Keynote speech at Malaysia Freedom Summit 2015
Tunku Zain Al-‘Abidin Muhriz
20 September 2015
Shah Village Hotel, PJ
Assalamu’alaikum and good morning:
Thank you Amin – I can’t believe it’s been ten years since Malaysia Think Tank days. Congratulations for organising today’s summit: events like this are vital for the health of Malaysian civil society.
The word “freedom” is often intertwined by supporters and detractors alike with “liberalism” – both are either positive or negative. Indeed understandings of freedom and liberalism throughout the world are diverse, often confusing and sometimes disturbing. For me, it was the British classical tradition provided one framework to understand liberalism, but as I discovered, by no means did it have a monopoly over it. The values of classical liberalism have appeared repeatedly in civilisations across space and time. Inspiration has come from ancient civilisations and the beliefs of the world’s religions. Indeed there is a think tank called the Minaret of Freedom institute that is dedicated to expounding libertarianism in Islam, drawing heavily from the writings of Ibn Khaldun and other thinkers of the Muslim Golden Age.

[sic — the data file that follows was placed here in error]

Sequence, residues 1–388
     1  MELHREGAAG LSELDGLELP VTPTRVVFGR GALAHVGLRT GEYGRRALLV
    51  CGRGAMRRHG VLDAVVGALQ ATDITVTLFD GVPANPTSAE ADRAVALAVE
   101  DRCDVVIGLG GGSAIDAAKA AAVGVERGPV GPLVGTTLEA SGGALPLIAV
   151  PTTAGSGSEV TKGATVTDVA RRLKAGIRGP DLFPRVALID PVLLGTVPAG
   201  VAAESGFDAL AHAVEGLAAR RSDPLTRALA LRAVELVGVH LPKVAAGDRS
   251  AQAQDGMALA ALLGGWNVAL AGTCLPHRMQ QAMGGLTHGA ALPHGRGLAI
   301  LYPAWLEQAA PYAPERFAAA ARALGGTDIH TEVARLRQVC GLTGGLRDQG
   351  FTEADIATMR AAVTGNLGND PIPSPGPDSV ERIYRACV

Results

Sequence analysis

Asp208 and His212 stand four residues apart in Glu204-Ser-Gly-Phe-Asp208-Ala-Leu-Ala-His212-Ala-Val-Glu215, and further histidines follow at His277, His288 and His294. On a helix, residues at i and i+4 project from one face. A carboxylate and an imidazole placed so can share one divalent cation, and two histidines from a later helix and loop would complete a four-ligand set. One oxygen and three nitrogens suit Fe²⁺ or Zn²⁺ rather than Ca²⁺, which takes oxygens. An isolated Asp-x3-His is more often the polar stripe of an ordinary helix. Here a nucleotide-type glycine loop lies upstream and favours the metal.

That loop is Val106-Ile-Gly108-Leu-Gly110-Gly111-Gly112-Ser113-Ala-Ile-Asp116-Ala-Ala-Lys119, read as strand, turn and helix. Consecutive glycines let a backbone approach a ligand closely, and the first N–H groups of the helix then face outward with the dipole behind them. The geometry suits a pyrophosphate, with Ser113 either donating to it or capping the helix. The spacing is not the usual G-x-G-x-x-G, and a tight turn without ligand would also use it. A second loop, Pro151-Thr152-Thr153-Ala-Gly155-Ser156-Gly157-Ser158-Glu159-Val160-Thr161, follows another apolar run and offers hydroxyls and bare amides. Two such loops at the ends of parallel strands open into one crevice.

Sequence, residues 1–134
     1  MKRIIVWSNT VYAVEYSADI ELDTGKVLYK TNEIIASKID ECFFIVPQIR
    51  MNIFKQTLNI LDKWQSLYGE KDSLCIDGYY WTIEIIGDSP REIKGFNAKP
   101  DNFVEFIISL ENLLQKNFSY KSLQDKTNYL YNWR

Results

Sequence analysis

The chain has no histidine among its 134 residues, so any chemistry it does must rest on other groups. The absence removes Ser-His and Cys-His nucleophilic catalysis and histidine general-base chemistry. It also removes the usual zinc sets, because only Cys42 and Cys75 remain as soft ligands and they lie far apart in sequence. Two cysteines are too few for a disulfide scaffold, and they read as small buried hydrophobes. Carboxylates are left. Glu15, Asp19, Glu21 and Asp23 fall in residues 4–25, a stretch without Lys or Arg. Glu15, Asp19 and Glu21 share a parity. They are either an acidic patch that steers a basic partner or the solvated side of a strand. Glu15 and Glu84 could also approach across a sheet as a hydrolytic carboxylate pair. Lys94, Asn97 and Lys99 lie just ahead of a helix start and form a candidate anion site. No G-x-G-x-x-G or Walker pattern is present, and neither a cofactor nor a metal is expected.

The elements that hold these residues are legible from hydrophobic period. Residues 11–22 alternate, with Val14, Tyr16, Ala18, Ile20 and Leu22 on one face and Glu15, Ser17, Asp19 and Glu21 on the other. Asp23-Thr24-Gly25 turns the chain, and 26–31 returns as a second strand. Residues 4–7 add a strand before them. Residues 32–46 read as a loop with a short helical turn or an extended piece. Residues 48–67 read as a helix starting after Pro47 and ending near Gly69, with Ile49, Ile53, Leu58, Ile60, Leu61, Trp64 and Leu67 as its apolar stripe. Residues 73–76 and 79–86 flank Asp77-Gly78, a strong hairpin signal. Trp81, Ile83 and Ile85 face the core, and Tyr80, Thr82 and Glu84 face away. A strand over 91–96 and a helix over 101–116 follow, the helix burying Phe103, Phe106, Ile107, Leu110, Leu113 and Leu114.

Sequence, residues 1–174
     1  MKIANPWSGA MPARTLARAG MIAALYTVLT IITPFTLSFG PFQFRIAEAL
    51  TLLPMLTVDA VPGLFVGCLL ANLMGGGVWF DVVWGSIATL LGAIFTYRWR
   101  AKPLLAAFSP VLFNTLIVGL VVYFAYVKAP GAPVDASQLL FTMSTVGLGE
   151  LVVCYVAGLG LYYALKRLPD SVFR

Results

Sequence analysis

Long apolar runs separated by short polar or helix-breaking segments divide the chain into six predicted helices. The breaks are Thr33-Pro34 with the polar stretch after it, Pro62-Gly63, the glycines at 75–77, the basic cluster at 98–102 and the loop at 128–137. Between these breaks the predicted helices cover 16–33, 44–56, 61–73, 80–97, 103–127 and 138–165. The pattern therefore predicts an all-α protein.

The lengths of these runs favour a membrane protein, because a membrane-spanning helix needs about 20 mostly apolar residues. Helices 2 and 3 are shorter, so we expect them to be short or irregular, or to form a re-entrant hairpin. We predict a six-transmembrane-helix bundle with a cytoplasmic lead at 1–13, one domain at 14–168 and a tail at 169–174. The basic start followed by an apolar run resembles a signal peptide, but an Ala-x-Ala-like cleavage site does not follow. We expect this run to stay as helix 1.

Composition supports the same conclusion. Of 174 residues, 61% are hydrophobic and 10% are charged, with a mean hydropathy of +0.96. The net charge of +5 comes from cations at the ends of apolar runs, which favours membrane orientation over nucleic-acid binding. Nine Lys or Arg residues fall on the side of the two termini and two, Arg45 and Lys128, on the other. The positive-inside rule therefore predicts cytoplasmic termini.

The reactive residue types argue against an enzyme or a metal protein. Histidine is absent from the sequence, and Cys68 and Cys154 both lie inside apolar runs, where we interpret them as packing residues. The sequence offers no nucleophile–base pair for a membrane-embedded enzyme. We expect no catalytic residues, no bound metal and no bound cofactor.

Having worked and interacted with legislative and international aid organisations in the United Kingdom, continental Europe and the United States, I appreciated how differently even the proponents of liberalism defined it too. Since I returned to Malaysia in 2008, and having travelled throughout the ASEAN region since, I’ve realised that the word “liberalism” is perhaps the most elastic in all of political philosophy.
Certainly in Malaysia, the word has been completely redefined over time to suit political objectives. In a speech in May last year the Prime Minister said that Muslims face a new threat: “humanrightism, where the core beliefs are based on humanism and secularism as well as liberalism.” In June this former Prime Minister Mahathir said that “liberalism has resulted in a lot of Muslims in Britain joining ISIS and slaughtering people.”
And so in my engagements with young Malaysians throughout the years I have tried to remind people that the values that IDEAS is promoting – our four principles which lie at the heart of classical liberalism – have cropped up repeatedly in our history.